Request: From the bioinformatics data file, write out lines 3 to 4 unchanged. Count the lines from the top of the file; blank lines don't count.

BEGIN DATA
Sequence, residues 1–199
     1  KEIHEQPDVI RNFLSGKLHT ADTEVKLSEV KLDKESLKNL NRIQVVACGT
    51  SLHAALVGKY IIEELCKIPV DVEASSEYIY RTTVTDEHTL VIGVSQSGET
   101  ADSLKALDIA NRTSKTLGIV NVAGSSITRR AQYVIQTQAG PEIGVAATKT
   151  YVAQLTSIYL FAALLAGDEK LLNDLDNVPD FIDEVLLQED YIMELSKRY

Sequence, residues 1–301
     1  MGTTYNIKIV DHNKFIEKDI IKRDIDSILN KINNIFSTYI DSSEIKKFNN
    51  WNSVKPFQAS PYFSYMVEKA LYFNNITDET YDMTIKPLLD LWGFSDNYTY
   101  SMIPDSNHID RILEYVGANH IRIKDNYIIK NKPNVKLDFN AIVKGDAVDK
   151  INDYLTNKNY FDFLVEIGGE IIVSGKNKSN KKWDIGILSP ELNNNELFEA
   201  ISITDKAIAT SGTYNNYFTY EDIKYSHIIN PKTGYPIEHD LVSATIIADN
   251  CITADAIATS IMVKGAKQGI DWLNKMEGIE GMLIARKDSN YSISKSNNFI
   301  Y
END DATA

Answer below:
    51  SLHAALVGKY IIEELCKIPV DVEASSEYIY RTTVTDEHTL VIGVSQSGET
   101  ADSLKALDIA NRTSKTLGIV NVAGSSITRR AQYVIQTQAG PEIGVAATKT